“the Inspector should not have allowed the appeal because she had no power under section 73 to amend a condition pursuant to which a prior planning permission had been granted which had the effect of directly contradicting the description of the development permitted in that earlier permission. Further or alternatively, the Claimant asserts that the Inspector failed to consider at all (as she should have done in accordance with established legal principles) whether the application before her constituted a "fundamental alteration" of the prior permission”.
Judge Sir Wyn Williams considered leading authority R v Coventry City Council, ex p. Arrowcroft Group plc (2001) and also more recent (2017) cases; Wet Finishing Works v Taunton Deane BC (2018), and R (Vue Entertainment Ltd) v City of York Council.  He discussed the interpretation of and potential inconsistencies between these cases concluded that both 2017 cases applied the reasoning in Arrowcroft; notably ‘the Arrowcroft principle’ that under a section 73 application a local planning authority:
"is able to impose different conditions upon a new planning permission, but only if they are conditions which the council could lawfully have imposed upon the original planning permission in the sense that they do not amount to a fundamental alteration of the proposal put forward in the original application".
The judge decided:
“that the only proper interpretation of the judgment in Wet Finishing Works, is that a variation pursuant to section 73 can be lawful notwithstanding that it may necessitate a variation to the terms of the planning permission which preceded the section 73 application”
And that he was not minded to depart from this “persuasive authority”.  To accept the claimant’s argument would “lead to an over-technical and inflexible approach to the application of section 73”.
The judge also concluded that the Inspector had considered whether the s73 application constituted a fundamental alteration to the original proposal, but that even if she had not, the Inspector had set out the major points of difference between the two proposals so meticulously that had she considered whether they constituted a fundamental alteration she would have concluded that they did not.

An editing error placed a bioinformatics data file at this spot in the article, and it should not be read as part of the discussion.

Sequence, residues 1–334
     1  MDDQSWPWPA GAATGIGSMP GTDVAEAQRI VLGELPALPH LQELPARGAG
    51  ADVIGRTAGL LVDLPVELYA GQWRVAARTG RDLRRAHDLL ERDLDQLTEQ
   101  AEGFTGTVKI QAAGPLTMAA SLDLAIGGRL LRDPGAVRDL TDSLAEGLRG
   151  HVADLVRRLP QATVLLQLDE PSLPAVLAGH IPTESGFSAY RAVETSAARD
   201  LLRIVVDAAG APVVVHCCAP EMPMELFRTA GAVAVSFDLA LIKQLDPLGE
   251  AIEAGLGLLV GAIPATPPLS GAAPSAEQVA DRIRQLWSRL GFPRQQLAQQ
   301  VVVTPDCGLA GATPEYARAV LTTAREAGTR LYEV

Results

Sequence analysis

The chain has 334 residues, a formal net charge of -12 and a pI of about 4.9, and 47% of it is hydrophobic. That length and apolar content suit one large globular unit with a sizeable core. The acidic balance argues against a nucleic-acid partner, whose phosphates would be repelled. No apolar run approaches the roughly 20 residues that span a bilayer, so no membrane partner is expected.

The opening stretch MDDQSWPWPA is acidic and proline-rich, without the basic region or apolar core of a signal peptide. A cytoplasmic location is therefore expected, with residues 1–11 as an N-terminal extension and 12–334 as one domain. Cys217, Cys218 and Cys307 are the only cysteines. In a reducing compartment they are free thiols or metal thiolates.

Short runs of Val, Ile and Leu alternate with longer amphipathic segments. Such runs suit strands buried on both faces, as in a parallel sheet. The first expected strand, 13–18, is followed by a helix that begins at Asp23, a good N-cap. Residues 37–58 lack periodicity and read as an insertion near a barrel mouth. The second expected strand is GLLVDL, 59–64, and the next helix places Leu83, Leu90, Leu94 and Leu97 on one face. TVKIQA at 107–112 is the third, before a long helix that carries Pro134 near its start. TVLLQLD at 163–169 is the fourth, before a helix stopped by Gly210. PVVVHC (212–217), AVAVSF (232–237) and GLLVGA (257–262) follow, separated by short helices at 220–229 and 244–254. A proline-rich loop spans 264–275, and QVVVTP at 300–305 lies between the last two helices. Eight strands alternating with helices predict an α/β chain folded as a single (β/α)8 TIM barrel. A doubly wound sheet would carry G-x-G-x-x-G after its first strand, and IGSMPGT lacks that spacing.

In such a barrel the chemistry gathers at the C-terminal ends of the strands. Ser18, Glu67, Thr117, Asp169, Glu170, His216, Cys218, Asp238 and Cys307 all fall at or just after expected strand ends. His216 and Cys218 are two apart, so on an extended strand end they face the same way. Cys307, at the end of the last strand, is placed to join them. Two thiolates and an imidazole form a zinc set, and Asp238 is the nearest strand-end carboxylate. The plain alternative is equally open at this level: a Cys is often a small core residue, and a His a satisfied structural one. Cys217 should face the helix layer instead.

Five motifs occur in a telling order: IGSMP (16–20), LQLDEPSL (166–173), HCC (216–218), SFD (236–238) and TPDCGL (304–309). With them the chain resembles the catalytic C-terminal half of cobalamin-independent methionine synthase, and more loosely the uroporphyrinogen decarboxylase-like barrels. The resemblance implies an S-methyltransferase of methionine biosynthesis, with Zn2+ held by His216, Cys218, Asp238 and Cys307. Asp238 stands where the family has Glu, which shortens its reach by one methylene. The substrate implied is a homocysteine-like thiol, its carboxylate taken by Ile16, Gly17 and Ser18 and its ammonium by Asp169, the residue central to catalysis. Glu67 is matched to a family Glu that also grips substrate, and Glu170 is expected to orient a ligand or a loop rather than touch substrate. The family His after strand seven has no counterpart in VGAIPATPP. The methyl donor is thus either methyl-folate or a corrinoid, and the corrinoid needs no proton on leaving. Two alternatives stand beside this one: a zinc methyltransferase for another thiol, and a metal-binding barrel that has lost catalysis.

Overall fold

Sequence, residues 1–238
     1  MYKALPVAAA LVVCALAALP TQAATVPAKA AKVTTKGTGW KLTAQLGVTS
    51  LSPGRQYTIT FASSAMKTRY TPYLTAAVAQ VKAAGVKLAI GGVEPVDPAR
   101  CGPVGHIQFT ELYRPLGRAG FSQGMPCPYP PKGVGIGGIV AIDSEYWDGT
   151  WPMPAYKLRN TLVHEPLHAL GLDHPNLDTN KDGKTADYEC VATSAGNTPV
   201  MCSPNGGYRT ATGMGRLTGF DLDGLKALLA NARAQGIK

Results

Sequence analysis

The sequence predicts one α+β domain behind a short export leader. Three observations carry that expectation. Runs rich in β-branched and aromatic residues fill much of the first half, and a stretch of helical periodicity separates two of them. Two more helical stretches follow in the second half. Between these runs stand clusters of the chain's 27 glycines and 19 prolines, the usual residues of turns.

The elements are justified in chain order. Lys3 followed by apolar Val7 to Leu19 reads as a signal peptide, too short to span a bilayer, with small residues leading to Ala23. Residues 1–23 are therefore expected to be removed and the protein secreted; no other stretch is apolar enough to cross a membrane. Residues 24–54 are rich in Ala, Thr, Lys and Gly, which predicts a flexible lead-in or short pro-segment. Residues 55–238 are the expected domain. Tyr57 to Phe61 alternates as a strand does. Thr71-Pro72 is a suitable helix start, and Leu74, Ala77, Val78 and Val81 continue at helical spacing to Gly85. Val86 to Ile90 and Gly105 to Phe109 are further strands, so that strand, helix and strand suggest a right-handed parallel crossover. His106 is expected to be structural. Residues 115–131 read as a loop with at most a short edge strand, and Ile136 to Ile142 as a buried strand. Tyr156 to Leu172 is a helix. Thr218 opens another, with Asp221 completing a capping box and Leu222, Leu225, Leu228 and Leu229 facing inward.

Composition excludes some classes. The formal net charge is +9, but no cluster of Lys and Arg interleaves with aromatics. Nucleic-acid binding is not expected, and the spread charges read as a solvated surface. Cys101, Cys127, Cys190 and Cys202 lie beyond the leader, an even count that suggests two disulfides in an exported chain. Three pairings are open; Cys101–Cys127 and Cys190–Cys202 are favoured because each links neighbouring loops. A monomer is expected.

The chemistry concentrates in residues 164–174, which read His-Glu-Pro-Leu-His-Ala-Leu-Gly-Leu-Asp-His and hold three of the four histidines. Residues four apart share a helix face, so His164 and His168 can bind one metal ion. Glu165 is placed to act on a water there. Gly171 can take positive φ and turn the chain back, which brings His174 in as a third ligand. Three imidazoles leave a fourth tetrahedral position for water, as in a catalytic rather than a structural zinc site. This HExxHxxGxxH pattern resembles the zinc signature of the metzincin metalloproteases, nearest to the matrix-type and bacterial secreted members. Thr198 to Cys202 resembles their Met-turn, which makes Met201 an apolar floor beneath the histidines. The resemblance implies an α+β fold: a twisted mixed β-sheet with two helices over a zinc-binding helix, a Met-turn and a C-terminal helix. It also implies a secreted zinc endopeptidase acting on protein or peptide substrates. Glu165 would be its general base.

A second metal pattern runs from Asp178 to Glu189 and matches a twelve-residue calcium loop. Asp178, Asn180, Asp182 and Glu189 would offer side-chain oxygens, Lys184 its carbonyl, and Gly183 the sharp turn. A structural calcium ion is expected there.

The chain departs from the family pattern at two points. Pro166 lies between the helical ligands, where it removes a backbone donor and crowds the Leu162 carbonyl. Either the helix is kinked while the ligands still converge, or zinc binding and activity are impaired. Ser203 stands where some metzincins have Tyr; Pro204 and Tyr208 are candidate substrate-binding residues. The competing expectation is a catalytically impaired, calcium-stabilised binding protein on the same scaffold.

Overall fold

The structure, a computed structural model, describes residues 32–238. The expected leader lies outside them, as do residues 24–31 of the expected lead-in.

The application for judicial review failed.


Finney v Welsh Ministers and others

Final report of Raynsford Review published

‘Planning 2020’, the final report of the review of the English planning system, commissioned by the Town and Country Planning Association (TCPA) and led by former Housing and Planning Minister Nick Raynsford, has been published.
The final version of the 16-month review, which primary focus was a holistic appraisal of the planning system that England will need from 2020 onwards, builds and expands on the nine propositions included in the interim report (published in May 2018) to provide a set of 24 detailed recommendations on actions necessary to deliver the propositions.
Specifically, the Review makes recommendations on the purpose of the planning system; the need to deliver an effective and ‘people-centred’ planning; increasing community role in planning; supporting an outcome-focused system; simplifying the planning structures and aligning public agencies; tackling betterment values; and encouraging a visionary and creative role for planners.
Among the recommended actions, the Review supports a stronger legal status for development plans; returning control on conversions of offices and commercial buildings to local authorities; the publication of a new national building code; and the introduction of a ‘community right to challenge’ planning decisions that departure from the local development plan.


Town and Country Planning Association, Planning 2020 – Raynsford Review of Planning in England, Final Report

 
     

 

The Lichfields perspective

 
     
     
     
 
A recent court case has clarified the principles for determining the acceptability of a section 73 planning permission that results a planning permission with a different description of development to the permission being amended. This is most helpful and hopefully will make for easier discussions between developers and local authorities where this issue arises.
Ian Kettlewell, Planning Director
 
     
     

 

Disclaimer: This publication has been written in general terms and cannot be relied on to cover specific situations. We recommend that you obtain professional advice before acting or refraining from acting on any of the contents of this publication. Lichfields accepts no duty of care or liability for any loss occasioned to any person acting or refraining from acting as a result of any material in this publication. Lichfields is the trading name of Nathaniel Lichfield & Partners Limited. Registered in England, no.2778116